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Subject:RE: Too much structure From:Jim Shaeffer <jims -at- spsi -dot- com> To:TECHWR-L <techwr-l -at- lists -dot- raycomm -dot- com> Date:Wed, 14 Jun 2000 11:03:03 -0400
[J]ust about every software help system, online or in print, lets you down
just when you
need it the most. The main reason for this <snip> is that we're writing the
darn stuff while it's being invented. By the time we've really figured out
what the user needs to know,
we're working on another project. <end snip>
JoAnn Hackos, at the recent STC conference, appied Moore's book _Crossing
the Chasm_, to software documentation. One idea was that the budget for
documentation and help projects should start out small (when the product is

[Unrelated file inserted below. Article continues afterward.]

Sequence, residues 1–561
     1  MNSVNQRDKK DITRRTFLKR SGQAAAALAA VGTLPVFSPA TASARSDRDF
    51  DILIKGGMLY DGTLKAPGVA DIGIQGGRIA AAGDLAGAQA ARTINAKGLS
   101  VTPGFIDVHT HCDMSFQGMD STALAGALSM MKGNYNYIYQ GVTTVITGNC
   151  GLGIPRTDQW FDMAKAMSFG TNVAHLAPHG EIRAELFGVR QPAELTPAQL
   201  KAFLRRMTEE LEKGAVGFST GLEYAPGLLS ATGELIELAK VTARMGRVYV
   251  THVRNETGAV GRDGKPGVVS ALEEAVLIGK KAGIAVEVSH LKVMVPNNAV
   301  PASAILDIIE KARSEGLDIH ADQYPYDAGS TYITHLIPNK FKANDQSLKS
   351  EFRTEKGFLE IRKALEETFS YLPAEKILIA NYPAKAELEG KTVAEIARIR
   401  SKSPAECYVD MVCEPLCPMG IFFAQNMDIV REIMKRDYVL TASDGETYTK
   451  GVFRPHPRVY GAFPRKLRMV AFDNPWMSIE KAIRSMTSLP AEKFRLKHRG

new) and increase as the product matures, reaching its maximum about the
time the product is stable enough and complete enough to appeal to a mass
market that needs lots of security, guidance and hand-holding.
The early adopters aren't going to use the Help file that much, anyway. They
like to play and discover how things work. (Also, the early adopters can put
up with a lot of doubt and uncertainty because they see themselves getting
lots of bang for the buck.) The users who really need the complete
documnentation set with lots guidance are the Late Majority, who value
stability and ease of use.
The slides from her presentation are on the Web at
www.infomanagementcenter.com, but this idea is not illustrated on the